Children wait in line to sell plastic bottles at a Haiti recycling office in Cite Soleil, Port-au-Prince, Haiti, Monday, Oct. 1, 2012. Haitian merchants on Monday ignored the first day of a government ban on the sale and general use of plastic bags and foam food containers. Dieu Nalio Chery / AP Photo
By TRENTON DANIEL
PORT-AU-PRINCE, Haiti — Haitian merchants on Monday ignored the first day of a government ban on the sale and general use of plastic bags and foam food containers.
In a busy, crowded market in the hillside district of Petionville, dozens of vendors openly sold the tightly rolled bags and big packages of to-go food containers seemingly without concern that they would be stopped. Some said they will keep peddling the goods if the government doesn’t provide alternative jobs. Others said they will sell something else if the government enforces the ban.
“It’s fine if the government wants to ban the containers but it also needs to create an alternative,” said Innocent Petit-Frere, a 57-year-old vendor who, like many others, buys the foam containers from the neighboring Dominican Republic in bulk. He sells packages of 100 containers for $6.87.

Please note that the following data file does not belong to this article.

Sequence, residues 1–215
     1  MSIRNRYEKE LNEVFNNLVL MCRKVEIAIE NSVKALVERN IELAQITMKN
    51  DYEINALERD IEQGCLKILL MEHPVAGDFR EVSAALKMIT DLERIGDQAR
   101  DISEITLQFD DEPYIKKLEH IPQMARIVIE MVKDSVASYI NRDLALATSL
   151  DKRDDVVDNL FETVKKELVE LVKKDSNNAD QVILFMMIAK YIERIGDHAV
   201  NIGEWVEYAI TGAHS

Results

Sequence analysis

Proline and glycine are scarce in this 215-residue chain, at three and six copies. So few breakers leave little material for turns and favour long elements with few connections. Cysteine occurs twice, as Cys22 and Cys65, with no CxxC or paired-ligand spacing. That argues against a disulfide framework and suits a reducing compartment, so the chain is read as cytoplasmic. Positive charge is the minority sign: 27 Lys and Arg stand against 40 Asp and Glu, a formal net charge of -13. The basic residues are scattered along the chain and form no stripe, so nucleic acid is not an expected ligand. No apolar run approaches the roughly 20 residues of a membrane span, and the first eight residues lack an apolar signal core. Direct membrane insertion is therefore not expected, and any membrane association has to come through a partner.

Petit-Frere wondered how people would be able to eat meals on the go without access to the foam containers, which have become ubiquitous in the capital.
“You have to eat, and you just can’t put the food on the ground,” he said from his store as co-workers piled bags of imported rice.
The office of Prime Minister Laurent Lamothe announced the ban in August to clear some of the litter that’s strewn across Port-au-Prince and clogs drainage channels. The measure will most certainly affect Haiti’s poor majority, many of whom make a living by selling the bags and boxes on the streets.
It’s unclear how the government plans to enforce the ban in markets. But customs officials are under orders to confiscate the bags and foam boxes if they find them on the border or in airports and seaports, said Salim Succar, special adviser to Lamothe, in an email. They face arrest if they don’t comply, Succar added.
An assistant for Minister of Environment Jean Vilmond Hilaire said the minister wasn’t available to answer questions.
Bag seller Ovinthe Aristide said he hopes to sell his remaining plastic bags before authorities crack down.